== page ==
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Notice of Intent To Prepare an Environmental Impact Statement (EIS) for Optimizing Current and Future Operations, Training and Maintenance at the Beaches of Naval Amphibious Base (NAB) Coronado and Naval Radio Receiving Facility (NRRF) Imperial Beach and To Announce Public Scoping Meetings

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AGENCY:

Department of the Navy, DOD.

ACTION:

Notice.

SUMMARY:

The Department of the Navy (Navy) announces its intent to prepare an Environmental Impact Statement (EIS) to evaluate the environmental effects of current and future operations, training and maintenance at the beaches of Naval Amphibious Base Coronado, “NAB”, Naval Radio Receiving Facility Imperial Beach, “NRRF”, and within the fenced compound at NRRF.

DATES AND ADDRESSES:

Public scoping open houses will be held to receive oral and/or written comments on environmental concerns that should be addressed in the EIS. Public scoping open houses will be held from 7:00 to 8:30 p.m. the following dates and locations: Tuesday, August 28, 2001 at the Coronado Public Library (Winn Room), 640 Orange Avenue, Coronado, CA; Wednesday, August 29, 2001 at Bayside Elementary School, 490 Emory Street, Imperial Beach, CA.

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FOR FURTHER INFORMATION CONTACT:

Ms. Jenny Boyd, South Bay Area Focus Team, Southwest Division, Naval Facilities Engineering Command, 2585 Callagan Highway, Building 99, San Diego, CA 92136-5198, telephone (619) 556-8589.

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SUPPLEMENTARY INFORMATION:

Pursuant to section 102(2)(c) of the National Environmental Policy Act (NEPA) of 1969, as implemented by the Council on Environmental Quality Regulations (40 CFR Parts 1500-1508), the Department of the Navy (Navy) announces its intent to prepare an Environmental Impact Statement (EIS) to evaluate the environmental effects of current and future operations, training and maintenance at the beaches of Naval Amphibious Base Coronado, “NAB”, Naval Radio Receiving Facility Imperial Beach, “NRRF”, and within the fenced compound at NRRF.

NAB Coronado is the only Navy amphibious base on the West Coast. It includes 5,500 yards of Pacific Ocean and bayside beachfront that is used for training. This area, along with 2,000 yards of Pacific Ocean beachfront at NRRF, provide operators with 7,500 yards of expansive beaches, unique topography, and on-base facilities that encompass a critical area for amphibious and clandestine training in support of littoral, unconventional, and special warfare operations.

The proposed action is to allocate operations and training between NAB and NRRF in a manner that optimizes use of those facilities while protecting threatened and endangered species. Operationally realistic training at NAB and NRRF is critical to military mission readiness requirements. However, due to the Navy's on-going, successful resource management program, threatened and endangered biological resources are thriving on the beaches at NAB Coronado. This poses a problem for scheduling required training because the increase in least tern and snowy plover populations is decreasing the size of beachfront available for crucial training and the time during which it is available.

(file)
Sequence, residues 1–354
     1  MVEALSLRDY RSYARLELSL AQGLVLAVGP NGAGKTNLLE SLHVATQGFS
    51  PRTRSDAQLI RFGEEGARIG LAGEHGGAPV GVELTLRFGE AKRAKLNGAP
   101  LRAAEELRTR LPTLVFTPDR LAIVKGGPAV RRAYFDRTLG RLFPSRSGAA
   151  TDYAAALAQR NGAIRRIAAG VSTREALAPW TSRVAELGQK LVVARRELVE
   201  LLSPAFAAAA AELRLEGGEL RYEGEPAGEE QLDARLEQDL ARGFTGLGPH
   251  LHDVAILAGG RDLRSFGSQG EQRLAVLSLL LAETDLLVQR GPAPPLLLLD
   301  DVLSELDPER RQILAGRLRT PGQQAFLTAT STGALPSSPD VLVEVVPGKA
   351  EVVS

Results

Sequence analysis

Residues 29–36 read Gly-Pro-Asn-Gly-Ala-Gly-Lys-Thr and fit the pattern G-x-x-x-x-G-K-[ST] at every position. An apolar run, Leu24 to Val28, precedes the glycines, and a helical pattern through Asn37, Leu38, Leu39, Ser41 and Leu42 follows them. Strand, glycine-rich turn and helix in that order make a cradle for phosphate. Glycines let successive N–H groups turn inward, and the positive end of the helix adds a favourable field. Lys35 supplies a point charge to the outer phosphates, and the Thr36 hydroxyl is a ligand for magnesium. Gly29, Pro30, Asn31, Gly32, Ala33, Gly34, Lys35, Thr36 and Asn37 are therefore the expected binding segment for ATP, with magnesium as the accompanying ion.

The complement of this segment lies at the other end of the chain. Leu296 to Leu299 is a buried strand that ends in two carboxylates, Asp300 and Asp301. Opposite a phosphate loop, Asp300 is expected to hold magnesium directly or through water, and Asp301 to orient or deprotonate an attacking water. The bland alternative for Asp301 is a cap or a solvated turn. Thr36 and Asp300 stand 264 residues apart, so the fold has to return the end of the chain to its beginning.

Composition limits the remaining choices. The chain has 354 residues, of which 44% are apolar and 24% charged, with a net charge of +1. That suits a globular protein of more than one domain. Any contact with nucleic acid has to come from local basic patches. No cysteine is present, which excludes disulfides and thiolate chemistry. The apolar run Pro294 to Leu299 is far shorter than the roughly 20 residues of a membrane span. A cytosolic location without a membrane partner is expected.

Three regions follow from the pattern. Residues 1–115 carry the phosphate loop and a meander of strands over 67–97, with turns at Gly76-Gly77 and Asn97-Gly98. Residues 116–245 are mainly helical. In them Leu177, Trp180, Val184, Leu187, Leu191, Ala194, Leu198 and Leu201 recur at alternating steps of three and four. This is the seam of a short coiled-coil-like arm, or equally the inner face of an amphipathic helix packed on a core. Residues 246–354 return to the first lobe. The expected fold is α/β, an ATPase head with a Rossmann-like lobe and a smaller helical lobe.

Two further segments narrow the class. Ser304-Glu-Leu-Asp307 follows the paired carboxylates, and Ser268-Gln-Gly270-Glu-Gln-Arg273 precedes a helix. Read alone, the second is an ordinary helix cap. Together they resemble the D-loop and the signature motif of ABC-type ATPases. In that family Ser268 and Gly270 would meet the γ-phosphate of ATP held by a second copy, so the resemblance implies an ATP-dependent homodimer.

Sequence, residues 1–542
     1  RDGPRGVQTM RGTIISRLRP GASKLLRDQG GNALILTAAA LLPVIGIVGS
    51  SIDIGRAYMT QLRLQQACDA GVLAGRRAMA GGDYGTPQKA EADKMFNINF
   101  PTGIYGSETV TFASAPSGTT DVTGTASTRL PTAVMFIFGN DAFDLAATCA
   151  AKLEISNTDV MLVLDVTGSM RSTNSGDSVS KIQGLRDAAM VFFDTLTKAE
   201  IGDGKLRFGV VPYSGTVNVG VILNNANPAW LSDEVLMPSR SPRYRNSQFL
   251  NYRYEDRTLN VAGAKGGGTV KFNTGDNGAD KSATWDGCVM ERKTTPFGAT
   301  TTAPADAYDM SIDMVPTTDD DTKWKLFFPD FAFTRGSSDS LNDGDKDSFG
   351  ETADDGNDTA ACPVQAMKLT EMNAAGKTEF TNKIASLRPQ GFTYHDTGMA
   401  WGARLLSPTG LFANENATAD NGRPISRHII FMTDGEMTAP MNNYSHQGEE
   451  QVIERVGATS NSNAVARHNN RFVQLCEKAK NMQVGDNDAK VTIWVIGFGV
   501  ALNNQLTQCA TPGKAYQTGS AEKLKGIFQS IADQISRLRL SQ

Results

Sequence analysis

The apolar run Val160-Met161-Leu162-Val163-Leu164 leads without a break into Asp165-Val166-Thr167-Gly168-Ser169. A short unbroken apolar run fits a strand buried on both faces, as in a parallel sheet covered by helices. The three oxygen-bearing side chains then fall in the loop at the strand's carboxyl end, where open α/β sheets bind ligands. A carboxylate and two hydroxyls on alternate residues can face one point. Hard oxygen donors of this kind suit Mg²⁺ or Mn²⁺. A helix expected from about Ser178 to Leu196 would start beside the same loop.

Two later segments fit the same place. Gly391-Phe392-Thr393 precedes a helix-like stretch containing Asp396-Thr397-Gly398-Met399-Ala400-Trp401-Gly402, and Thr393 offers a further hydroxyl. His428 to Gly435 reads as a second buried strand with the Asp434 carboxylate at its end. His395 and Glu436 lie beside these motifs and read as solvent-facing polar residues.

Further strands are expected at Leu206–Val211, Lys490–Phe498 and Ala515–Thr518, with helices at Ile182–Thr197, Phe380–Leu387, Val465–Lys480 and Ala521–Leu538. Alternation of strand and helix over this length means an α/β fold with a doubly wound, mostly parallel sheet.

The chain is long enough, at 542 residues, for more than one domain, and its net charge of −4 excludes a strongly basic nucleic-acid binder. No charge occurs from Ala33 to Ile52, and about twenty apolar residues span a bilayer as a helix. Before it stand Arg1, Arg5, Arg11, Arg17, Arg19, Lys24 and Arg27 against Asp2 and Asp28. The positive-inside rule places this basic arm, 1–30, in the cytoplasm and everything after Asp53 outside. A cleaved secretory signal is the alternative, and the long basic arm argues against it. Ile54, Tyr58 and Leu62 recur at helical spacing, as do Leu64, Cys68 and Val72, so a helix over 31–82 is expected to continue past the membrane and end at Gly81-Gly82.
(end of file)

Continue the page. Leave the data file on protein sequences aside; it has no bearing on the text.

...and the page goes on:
NAB has reviewed its current and future operations, training and maintenance requirements as well as the training needs of tenant commands and other commands in Southern California that use the training facilities at NAB. The EIS will address three alternatives (including the No Action Alternative) for optimizing training at NAB and NRRF based on that internal review.

The No Action Alternative would continue current levels of operations at NAB and NRRF and utilize natural resource management strategies identified in NAB's natural resource management plan. While most operations and training currently are conducted at NAB, a limited number of amphibious training operations are conducted at NRRF. Specific operations are delineated for each location. Current operations delineated for NAB include Warfare Training (amphibious assaults and combat training, clandestine shore assaults, mine countermeasures, Start Printed Page 41010navigation/surf handling training, SCUBA training, ship surveillance) and Strategic Sealift Training (Elevated Causeway System Training) on the Pacific Ocean beachfront. Current bayside operations also include Warfare Training (amphibious assaults and clandestine shore assaults) and Strategic Sealift Training (ELCAS, amphibious assault bulk fuel/water systems). NAB also supports several training area users that have unique training requirements. One of the larger users is the Marine Corp's Expeditionary Warfare Training Group, Pacific. Their primary mission is to conduct warfare training courses for expeditionary and amphibious operations with emphasis on landing force operations using amphibious platforms. Current operations delineated for NRRF include inflatable landing craft, practice assault beaching and underwater navigation techniques. Current resource management strategies will continue with the habitat maintenance practice of predator control, decoy placement, beach maintenance, and coning off Western snowy plover nests on the beaches at NAB. It will also continue using the formal scheduling process for training operations.